Yesterday was a sunny day and we were grateful for the good light. We took an adventurous trip to leave Bocas via the Sumwood Channel. Channel is a bit of a misnomer – as getting into and out of the channel almost ran us aground several times. But we didn't hit and this was the first time that the guide book we were using wasn't quite as accurate as it has been in the past. We then ran a route through the Laguna de Chiriqui which has scattered reefs throughout. There is also a large aquaculture farm with many structures and markers. After that we headed into the Bluefields area. This is actually a large peninsula from the mainland. At the western end, it splits in the middle into two sides giving a bay with good protection.
We anchored on the southwestern corner in a place called Playa Raya. We chose this side, though it was probably more open to the swell, because it was away from the town. We don't think there are pirates here, unless you count the officials whom we understand like to charge boats a fee to anchor, to walk the island and to get to the Caribbean side. This side is beautiful with a palm studded beach, a few Ngobe Indian houses and lots of great bird, frog and bug sounds from the thick trees that surround the water. Several cayucas (open hand carved canoes) were out fishing, setting nets or just coming back to their homes yesterday. It is very peaceful and we are happy to be anchored here.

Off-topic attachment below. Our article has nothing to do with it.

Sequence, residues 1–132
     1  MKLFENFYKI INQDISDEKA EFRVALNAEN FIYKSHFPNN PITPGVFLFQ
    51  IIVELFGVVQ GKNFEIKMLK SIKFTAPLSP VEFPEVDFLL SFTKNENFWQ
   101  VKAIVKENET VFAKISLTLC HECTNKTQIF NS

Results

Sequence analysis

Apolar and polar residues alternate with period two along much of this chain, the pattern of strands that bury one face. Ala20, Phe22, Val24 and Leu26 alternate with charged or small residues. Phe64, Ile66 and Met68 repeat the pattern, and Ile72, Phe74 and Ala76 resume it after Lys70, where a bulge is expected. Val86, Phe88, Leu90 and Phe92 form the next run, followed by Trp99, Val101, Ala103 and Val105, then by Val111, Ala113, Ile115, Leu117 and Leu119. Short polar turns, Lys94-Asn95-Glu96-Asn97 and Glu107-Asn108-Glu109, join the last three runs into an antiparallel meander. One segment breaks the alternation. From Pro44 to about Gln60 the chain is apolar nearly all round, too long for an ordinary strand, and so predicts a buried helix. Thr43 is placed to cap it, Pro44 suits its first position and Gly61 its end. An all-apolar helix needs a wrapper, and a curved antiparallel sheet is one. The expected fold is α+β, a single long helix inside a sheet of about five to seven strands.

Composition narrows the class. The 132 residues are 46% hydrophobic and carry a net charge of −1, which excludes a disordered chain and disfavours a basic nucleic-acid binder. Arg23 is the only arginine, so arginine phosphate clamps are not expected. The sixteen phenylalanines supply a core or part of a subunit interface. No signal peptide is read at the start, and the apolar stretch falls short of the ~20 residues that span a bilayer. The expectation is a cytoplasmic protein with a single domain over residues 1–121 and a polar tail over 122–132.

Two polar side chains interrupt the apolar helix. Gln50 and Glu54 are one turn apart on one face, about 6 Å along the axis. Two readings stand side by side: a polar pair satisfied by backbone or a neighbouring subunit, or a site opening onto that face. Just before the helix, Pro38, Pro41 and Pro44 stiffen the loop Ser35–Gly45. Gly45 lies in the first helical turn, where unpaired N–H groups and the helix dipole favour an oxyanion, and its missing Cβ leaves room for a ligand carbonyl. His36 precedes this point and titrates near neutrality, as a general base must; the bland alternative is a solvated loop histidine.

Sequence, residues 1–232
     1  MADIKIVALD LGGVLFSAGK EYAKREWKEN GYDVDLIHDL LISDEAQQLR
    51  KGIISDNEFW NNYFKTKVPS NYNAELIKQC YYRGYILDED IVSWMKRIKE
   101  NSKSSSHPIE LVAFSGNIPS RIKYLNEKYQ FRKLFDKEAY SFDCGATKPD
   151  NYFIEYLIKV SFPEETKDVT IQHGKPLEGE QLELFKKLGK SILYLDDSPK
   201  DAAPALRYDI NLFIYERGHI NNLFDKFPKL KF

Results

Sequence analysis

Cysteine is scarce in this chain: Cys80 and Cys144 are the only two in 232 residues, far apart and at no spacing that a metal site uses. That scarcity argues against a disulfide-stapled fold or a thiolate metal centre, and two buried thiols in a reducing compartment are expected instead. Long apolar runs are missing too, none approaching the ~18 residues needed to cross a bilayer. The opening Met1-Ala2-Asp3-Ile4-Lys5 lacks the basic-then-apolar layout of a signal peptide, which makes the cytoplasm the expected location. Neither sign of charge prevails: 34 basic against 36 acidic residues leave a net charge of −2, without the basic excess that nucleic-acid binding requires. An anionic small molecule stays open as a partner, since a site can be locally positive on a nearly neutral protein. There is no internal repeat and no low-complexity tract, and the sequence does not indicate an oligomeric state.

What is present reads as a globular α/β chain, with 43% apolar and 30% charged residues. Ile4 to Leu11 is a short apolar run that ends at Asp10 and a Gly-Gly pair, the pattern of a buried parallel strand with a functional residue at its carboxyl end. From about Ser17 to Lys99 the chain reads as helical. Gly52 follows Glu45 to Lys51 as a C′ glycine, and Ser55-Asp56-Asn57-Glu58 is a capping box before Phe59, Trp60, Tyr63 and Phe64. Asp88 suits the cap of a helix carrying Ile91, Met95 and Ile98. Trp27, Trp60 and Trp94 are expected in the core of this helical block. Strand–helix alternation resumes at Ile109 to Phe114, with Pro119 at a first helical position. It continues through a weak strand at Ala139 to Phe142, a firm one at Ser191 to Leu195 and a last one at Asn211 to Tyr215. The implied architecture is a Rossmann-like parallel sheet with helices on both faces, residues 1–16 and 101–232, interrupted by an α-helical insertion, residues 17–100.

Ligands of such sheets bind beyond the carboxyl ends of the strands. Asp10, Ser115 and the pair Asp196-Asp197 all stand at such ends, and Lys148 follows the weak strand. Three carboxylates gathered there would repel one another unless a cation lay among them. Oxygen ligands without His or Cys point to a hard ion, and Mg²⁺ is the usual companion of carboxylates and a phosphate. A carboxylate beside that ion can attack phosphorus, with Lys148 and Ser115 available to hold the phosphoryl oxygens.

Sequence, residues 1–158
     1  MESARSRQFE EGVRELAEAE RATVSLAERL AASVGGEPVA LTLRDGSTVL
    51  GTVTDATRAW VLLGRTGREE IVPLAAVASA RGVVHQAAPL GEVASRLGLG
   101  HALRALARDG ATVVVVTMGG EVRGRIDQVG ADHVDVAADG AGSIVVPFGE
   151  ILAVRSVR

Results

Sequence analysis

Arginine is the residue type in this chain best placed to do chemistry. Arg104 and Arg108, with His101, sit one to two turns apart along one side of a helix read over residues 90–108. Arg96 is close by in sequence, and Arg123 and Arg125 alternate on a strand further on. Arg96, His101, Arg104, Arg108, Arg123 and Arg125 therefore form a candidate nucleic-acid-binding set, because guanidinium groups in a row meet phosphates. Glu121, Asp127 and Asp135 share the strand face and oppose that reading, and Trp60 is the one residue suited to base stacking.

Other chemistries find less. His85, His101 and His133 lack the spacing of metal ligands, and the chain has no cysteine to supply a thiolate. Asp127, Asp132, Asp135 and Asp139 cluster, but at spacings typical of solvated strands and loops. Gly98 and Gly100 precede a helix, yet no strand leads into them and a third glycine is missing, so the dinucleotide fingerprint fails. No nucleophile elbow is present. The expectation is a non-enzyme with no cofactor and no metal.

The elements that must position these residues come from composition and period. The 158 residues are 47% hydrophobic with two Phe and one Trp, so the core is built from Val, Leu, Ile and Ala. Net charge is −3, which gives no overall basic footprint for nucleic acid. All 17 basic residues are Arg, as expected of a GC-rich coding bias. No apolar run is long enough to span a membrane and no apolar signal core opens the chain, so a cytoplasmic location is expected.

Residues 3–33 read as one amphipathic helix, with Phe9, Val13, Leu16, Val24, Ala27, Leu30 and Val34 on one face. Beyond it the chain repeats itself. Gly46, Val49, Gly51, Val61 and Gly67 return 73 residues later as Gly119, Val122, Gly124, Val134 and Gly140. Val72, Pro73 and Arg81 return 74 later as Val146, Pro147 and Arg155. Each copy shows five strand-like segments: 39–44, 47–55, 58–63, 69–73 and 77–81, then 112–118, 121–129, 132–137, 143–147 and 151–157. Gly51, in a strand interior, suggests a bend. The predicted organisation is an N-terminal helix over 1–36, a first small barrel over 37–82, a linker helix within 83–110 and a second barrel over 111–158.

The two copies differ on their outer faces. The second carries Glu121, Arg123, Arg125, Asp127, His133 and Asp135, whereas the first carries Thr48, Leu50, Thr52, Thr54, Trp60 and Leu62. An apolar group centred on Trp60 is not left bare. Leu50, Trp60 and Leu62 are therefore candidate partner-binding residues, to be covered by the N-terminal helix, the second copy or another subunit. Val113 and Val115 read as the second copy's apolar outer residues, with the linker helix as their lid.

Our plan is to stay a few days, though if it gets too rolly we may wander to the other side. Today is swimming day though. This is the clearest water we've seen for awhile and it seems to be jelly fish free. Bocas was loaded with jellies of several varieties and even taking our salt water showers was challenging. We know we are near a reef because last night we had another spectacular display of the glow worms (Bermuda Fire Worms) doing their mating ritual. These bright neon green worms come to the surface after dark, swirl around and other critters dart into them and then there is an explosion of neon green. It was so dark here and they were so close to the boat it was amazing to watch. One of the best displays we've ever seen. The worm dance lasted several seconds and you could really see their mating partners dash into the dance. They are supposed to do this a few days after a full moon – so these guys seemed late – but there were hundreds of them.
Today is a sunny day – perfect for a little laundry then a good snorkel.
radio email processed by SailMail
for information see: http://www.sailmail.com